The reboot began once Glenn Youngkin snagged the Republican nomination for Virginia governor.
A video of former president Donald Trump praising the former Carlyle Group executive by name for helping with a China trade deal disappeared from Youngkin’s YouTube page. Days later, Youngkin was on TV publicly acknowledging that Joe Biden was the nation’s duly elected president — something he’d studiously avoided saying over the previous five months as he wooed Trump supporters.
At the same time, Democrats — still a month from their June 8 primary — were doing some adjusting of their own. The Democratic Governors Association, which typically stands by until its party crowns its nominee, launched an online ad tying Youngkin to Trump and the “big lie” that Biden stole the White House. The Democratic Party of Virginia kicked off a “Where Trump Leads, Glenn Follows” rally on Richmond’s Capitol Square, with plans to take it around the state.The 2021 governor’s race is suddenly at full speed. It’s already clear that this year’s contest — which will help define the national political landscape heading into the 2022 midterm congressional elections — is likely to be a strange, expensive, surprising affair.
Republicans get a one-month head start with a historically diverse ticket chosen in their May 8 convention. Because they don’t yet have a Democrat to run against, they picked one — former governor Terry McAuliffe, who leads in fundraising and polls and is the Bill and Hillary Clinton surrogate the GOP loves to bash.
Democrats, meanwhile, seem set on running against Trump, which is made easier because all the GOP candidates have embraced the former president — but harder because, well, Trump isn’t actually in office or on the ballot.
Whether Trump dominates or disappears from the race could depend on Youngkin’s Republican running mates and Trump himself, who endorsed him the day after his win.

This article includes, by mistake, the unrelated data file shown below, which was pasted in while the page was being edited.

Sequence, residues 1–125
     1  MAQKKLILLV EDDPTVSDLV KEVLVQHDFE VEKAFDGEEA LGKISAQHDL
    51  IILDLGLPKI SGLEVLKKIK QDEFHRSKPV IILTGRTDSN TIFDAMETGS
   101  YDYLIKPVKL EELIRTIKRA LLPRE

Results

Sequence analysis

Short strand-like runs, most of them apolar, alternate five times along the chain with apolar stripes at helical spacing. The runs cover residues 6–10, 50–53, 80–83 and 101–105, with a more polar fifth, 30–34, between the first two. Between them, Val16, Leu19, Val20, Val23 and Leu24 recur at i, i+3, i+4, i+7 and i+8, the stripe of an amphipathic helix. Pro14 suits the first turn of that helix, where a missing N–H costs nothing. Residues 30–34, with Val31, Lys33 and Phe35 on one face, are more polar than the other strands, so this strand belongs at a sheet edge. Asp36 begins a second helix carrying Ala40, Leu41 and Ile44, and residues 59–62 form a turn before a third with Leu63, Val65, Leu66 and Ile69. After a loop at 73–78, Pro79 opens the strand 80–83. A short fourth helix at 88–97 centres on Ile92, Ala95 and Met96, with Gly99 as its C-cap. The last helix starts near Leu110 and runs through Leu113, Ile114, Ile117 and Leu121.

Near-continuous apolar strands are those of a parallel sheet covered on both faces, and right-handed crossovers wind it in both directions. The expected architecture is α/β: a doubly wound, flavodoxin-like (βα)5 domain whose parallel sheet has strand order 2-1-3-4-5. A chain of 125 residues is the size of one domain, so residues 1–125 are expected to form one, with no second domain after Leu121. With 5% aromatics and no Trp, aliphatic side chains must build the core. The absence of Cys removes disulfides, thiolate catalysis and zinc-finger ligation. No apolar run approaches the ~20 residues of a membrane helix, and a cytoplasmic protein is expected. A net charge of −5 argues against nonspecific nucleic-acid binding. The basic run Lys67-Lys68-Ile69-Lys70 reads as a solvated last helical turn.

One of Youngkin’s ticket mates could complicate efforts to downplay the connection. Winsome Sears, who bested two better-funded candidates for the lieutenant governor’s nomination, led a national group of Black Trump supporters last year. Her campaign signs featured a photo of herself dressed up as if for church, but armed with an assault rifle.
Youngkin is running on the premise that Democrats, who control the state House and Senate as well as the Executive Mansion, have driven Virginia into a “ditch,” partly with pandemic-era shutdowns of businesses and schools. He also criticizes them for raising taxes and tightening restrictions on guns while loosening them on abortion and voting. He touts his outsider status and expertise as a former executive as strengths.
Gov. Ralph Northam (D), whom the state constitution prohibits from serving back-to-back terms, pushed back on Youngkin’s claim that Virginia has suffered under Democratic leadership. In an interview Thursday, Northam noted that the state has achieved one of the nation’s lowest coronavirus death rates and an economic recovery that saw state revenue increase by a historic 41 percent last month. He also mentioned expanding Medicaid, raises for teachers, gun-control laws, protections for women’s rights, getting schools safely reopened and expanding access to voting.
[H]e’s [Youngkin] aligned himself with the politics of Trump and bringing in folks like Ted Cruz into Virginia. I think he’s going to have a lot to answer for,” Northam said, referring to the U.S. senator from Texas and Trump ally who barnstormed the state with Youngkin just ahead of the GOP convention. Northam, while typically mild-mannered, called Trump a “narcissistic maniac” while running for governor in 2017.
“Virginians have consistently rejected Donald Trump’s politics and policies of fear and division and conspiracy theories, and they’ll do that again this fall. I’m confident in that,” Northam said Thursday.
Taylor, of the Cook Report, said the “big lie” and the resulting riot could resonate with voters, especially in the bluer Washington suburbs, where the local TV news is the national news. But she also said it’s hard to say how much sway it will have by Election Day.
“You have President Trump still focused on this and one of the highest-ranking Republicans in the House ousted this week,” she said, referring to Rep. Liz Cheney (R-Wyo.), who lost her No. 3 leadership slot for rejecting Trump’s unfounded election fraud claims and blaming him for the Capitol insurrection.
“I do think that swing voters especially are going to want to see a denunciation of what happened,” Taylor said. “Come November, is that going to be the most pressing issue on voters’ minds? I’m not sure it’s the most pressing issue now.”